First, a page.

Capitalism and Economic Growth: A Game-Theoretic Perspective
Why has capitalism prevailed as an institution in promoting economic growth despite its apparent unfairness? In this paper, we argue that within a neoclassical framework, capitalism is fairer compared to collectivism due to the absence of a rationally acceptable collective solution. This is demonstrated using a dynamic game with a vote-maximizing government(G) and profit-maximizing representative firm(F). In this GF game, collectivism or cooperation between the players appears to trump capitalism at the aggregate level. Developing countries operating below the steady state may be better off cooperating as they will enjoy positive long term economic growth and profit growth once their capital stock exceeds the steady state level. But this requires them to sacrifice short term growth and possible inequity as the firm's profits grow. Developed countries operating above the steady state will find the cooperative solution attractive since both economic growth and profit growth will be positive. So, from an aggregate level, collectivism or cooperation performs better than capitalism. However, a fair imputation of cooperative or collective solutions which is rationally acceptable for all players does not exist. In every stage of development, the firm always finds it rationally unacceptable to cooperate because the profits earned by the firm under the feedback Nash equilibrium always dominate the profits under cooperation. On the other hand, the government only finds the cooperative solution to be rationally acceptable when the economy is above the steady state. Hence, collectivist cooperation between the government and the firm are not rationally acceptable for both and a fair equilibrium cannot be attained with collectivism.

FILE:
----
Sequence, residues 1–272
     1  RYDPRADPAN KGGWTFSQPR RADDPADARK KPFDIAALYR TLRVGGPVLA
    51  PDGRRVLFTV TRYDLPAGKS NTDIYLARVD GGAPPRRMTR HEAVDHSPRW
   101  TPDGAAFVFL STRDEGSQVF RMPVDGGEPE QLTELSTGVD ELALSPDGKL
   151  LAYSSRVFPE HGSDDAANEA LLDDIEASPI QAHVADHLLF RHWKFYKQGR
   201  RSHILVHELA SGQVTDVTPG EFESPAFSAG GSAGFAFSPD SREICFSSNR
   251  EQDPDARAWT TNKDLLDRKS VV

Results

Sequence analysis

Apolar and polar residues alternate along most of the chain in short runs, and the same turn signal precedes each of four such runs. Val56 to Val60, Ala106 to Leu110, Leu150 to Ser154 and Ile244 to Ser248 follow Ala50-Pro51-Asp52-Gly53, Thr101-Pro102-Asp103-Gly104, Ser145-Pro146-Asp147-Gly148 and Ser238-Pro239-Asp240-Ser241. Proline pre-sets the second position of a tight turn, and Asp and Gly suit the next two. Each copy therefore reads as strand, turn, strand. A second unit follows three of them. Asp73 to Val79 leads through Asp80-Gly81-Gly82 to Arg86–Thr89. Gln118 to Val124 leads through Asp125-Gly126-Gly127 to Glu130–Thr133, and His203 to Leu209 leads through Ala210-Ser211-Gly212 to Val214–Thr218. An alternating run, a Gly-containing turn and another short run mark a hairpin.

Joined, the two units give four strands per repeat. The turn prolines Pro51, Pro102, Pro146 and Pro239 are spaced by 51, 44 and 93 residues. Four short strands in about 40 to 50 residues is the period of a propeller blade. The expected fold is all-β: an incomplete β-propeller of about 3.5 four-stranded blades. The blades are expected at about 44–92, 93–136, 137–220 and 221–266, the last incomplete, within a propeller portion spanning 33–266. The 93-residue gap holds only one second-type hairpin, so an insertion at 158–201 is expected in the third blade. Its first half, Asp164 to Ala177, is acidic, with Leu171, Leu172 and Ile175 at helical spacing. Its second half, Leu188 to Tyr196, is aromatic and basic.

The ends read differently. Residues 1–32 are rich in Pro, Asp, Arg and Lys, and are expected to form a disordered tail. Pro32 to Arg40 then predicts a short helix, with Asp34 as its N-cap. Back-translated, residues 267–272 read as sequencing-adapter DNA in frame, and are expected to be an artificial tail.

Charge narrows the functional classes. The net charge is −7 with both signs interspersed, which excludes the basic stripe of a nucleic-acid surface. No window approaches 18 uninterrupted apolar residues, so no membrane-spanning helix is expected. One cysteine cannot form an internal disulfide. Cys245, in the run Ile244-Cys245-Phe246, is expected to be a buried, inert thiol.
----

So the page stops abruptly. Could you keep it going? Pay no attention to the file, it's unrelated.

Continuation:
|Date of creation:||2008|
|Date of revision:|
|Contact details of provider:|| Postal: |
Web page: http://mpra.ub.uni-muenchen.de
More information through EDIRC
Please report citation or reference errors to , or , if you are the registered author of the cited work, log in to your RePEc Author Service profile, click on "citations" and make appropriate adjustments.:
- Jean Tirole & Roland Benabou, 2004.
"Belief in a Just World and Redistributive Politics,"
2004 Meeting Papers
15, Society for Economic Dynamics.
- Roland Bénabou & Jean Tirole, 2006. "Belief in a Just World and Redistributive Politics," The Quarterly Journal of Economics, MIT Press, vol. 121(2), pages 699-746, May.
- Bénabou, Roland & Tirole, Jean, 2005. "Belief in a Just World and Redistributive Politics," CEPR Discussion Papers 4952, C.E.P.R. Discussion Papers.
- Roland Benabou & Jean Tirole, 2005. "Belief in a Just World and Redistributive Politics," NBER Working Papers 11208, National Bureau of Economic Research, Inc.
- Benabou, Roland & Tirole, Jean, 2004. "Belief in a Just World and Redistributive Politics," Papers 08-15-2005a, Princeton University, Research Program in Political Economy.
- Kaitala, Veijo & Pohjola, Matti, 1990. "Economic Development and Agreeable Redistribution in Capitalism: Efficient Game Equilibria in a Two-Class Neoclassical Growth Model," International Economic Review, Department of Economics, University of Pennsylvania and Osaka University Institute of Social and Economic Research Association, vol. 31(2), pages 421-38, May.
- repec:cup:cbooks:9780521637329 is not listed on IDEAS
- Alberto Alesina & George-Marios Angeletos, 2004.
"Fairness and Redistribution,"
122247000000000283, UCLA Department of Economics.
- Alberto Alesina & George-Marios Angeletos, 2004. "Fairness and Redistribution," NajEcon Working Paper Reviews 122247000000000306, www.najecon.org.
- Angeletos, George-Marios & Alesina, Alberto, 2005. "Fairness and Redistribution," Scholarly Articles 4553009, Harvard University Department of Economics.
- Lancaster, Kelvin, 1973. "The Dynamic Inefficiency of Capitalism," Journal of Political Economy, University of Chicago Press, vol. 81(5), pages 1092-1109, Sept.-Oct.
- Nordhaus, William D, 1975. "The Political Business Cycle," Review of Economic Studies, Wiley Blackwell, vol. 42(2), pages 169-90, April.
When requesting a correction, please mention this item's handle: RePEc:pra:mprapa:10472. See general information about how to correct material in RePEc.
For technical questions regarding this item, or to correct its authors, title, abstract, bibliographic or download information, contact: (Ekkehart Schlicht)
If references are entirely missing, you can add them using this form.